You are probably familiar with dental fillings, which are used to restore the structure and function of teeth that have been damaged by injury or decay. However, sometimes teeth are too extensively damaged by injury or decay to be successfully restored by a dental filling, but not so extensively damaged as to justify or require complete removal. Additionally, it can sometimes happen that teeth have an undesirable appearance or shape. Or sometimes implants need to be improved upon for structure, function and comfort purposes. In all these cases, and even a few others, a dental crown may be the appropriate solution.
The Use of Crowns
Dental crowns are essentially caps that entirely cover a damaged tooth or implant, thereby strengthening it and improving its appearance and shape. They are often made of porcelain or ceramic so that they are undetectable in the mouth, especially when they are being used in highly visible areas of the mouth, but they can sometimes be made of gold or metal. The benefit of gold or metal crowns is that they tend to be stronger than porcelain or ceramic crowns, and are therefore better suited to the restoration of back teeth. Where both strength and appearance are concerns, porcelain can be bonded to metal.
There are many reasons your dentist may recommend that you receive a dental crown, including:
- You need to replace a large filling and there isn’t enough natural tooth left to support a new large filling.
- You have a weak tooth that needs to be protected against fracture.
- You need to restore the structure, function and comfort of a fractured tooth.
- You need the tooth to be able to anchor a dental bridge.
- You have a dental implant that needs to be covered and made functional.
- You have a discolored or poorly shaped tooth that you would like to cover.
- You have a tooth that has received a root canal treatment.
Where the placement of a crown is prudent, your dentist will discuss your specific oral condition with you and how receiving a crown will help to improve it.
A tooth that will receive a crown must first be reduced in size so that the crown can fit over it without causing problems with crowding or your normal bite. Your dentist will remove tooth enamel and shape the tooth in order to receive the crown, which makes this process irreversible. However, crowns are not recommended lightly, nor where they are unneeded, so the fact that the process is irreversible should not be of concern.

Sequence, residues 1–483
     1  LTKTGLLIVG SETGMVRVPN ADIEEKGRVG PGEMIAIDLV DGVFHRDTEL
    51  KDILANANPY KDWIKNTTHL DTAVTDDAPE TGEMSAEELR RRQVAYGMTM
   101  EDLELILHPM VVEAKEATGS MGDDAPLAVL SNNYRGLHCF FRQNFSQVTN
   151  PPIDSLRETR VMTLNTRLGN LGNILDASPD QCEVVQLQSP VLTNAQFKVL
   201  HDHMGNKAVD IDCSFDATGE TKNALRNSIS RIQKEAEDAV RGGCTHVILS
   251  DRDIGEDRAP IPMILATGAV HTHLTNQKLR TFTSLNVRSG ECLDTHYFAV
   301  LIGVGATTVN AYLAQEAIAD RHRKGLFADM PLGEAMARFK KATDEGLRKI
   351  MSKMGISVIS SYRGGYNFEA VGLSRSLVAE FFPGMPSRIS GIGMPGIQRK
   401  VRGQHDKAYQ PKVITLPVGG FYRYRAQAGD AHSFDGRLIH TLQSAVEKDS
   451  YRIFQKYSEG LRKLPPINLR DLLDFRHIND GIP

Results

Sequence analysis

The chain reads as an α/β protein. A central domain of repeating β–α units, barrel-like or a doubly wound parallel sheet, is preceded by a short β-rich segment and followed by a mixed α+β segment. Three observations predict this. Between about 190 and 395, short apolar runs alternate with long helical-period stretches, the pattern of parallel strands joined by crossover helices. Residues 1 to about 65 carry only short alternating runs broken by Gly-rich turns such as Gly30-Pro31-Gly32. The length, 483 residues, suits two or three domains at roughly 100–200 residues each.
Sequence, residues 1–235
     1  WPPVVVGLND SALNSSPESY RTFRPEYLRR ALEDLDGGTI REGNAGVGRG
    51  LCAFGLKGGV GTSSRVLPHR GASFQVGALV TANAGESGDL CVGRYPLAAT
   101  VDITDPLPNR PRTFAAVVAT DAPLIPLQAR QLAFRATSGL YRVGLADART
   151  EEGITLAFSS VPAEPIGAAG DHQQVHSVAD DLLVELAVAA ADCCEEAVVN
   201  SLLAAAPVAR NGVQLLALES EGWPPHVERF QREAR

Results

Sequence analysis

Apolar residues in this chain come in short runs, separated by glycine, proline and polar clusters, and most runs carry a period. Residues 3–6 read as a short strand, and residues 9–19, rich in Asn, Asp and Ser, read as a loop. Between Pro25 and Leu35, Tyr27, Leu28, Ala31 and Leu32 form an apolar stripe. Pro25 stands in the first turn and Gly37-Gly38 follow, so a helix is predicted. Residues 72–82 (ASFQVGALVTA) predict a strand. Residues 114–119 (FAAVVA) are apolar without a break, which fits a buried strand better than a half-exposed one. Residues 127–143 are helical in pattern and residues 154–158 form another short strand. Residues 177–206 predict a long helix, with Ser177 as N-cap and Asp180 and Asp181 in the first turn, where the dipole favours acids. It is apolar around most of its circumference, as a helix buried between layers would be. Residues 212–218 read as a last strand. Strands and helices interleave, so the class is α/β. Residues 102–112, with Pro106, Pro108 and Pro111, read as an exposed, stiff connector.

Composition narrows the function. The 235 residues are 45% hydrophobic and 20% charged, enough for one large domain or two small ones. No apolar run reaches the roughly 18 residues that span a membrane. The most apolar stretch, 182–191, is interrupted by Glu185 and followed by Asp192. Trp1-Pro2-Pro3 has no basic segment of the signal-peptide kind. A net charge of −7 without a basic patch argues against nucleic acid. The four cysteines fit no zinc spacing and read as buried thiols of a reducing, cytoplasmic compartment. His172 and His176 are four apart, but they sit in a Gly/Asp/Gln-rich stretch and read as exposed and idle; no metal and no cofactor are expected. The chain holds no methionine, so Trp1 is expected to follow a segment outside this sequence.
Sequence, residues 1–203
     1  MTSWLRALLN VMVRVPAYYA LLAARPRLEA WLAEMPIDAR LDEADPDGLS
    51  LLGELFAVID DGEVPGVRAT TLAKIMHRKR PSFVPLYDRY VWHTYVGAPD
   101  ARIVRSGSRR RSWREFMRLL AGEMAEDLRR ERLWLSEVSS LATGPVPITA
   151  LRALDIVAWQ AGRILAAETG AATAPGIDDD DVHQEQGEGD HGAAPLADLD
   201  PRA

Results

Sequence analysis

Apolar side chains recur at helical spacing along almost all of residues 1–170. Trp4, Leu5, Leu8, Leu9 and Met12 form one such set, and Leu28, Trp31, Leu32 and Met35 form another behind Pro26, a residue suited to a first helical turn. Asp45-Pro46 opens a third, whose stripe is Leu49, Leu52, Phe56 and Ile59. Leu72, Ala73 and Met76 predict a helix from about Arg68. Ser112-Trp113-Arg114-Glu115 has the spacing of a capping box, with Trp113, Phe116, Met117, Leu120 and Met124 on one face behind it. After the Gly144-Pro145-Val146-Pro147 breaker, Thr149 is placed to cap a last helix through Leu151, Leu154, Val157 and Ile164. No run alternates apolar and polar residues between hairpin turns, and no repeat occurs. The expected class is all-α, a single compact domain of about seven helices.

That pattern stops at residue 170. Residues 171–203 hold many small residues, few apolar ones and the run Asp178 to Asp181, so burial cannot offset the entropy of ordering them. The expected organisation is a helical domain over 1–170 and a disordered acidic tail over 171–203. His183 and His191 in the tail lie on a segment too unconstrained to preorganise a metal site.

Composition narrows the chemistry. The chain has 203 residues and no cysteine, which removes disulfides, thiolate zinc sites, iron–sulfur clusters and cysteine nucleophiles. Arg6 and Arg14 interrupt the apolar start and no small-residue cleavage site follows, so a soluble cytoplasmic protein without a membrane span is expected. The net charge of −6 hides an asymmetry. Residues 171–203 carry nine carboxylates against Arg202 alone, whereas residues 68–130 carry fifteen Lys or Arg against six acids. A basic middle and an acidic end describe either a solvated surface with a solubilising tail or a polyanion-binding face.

Once your tooth has been prepared to receive a crown, your dentist will make an impression of it. This mold will be used by a dental laboratory to custom make the crown. Where porcelain or ceramic is being used, your dentist will carefully match the color of your natural teeth so that it will blend well. Then, your dentist will place a temporary crown over your tooth to protect it until your follow-up visit.
At your second visit, your dentist will remove your temporary crown and place your permanent crown. He will carefully ensure fit and proper bite prior to cementing your crown into place. In some cases, your dentist may choose to schedule a follow-up visit so he can ensure that your crown does not need any further adjustments and is working properly.
Caring For Your Crown
Crowns are made to endure for many years, but they can become worn and need replacement after some time. In order to extend the longevity of your crown, you should practice good oral hygiene habits by brushing your teeth twice a day, flossing your teeth once a day and visiting your dentist every six months. You should also avoid chewing hard foods and other substances, like ice or pencils, as this can weaken or even damage the crown.
For more information about dental crowns, contact Today’s Dental now.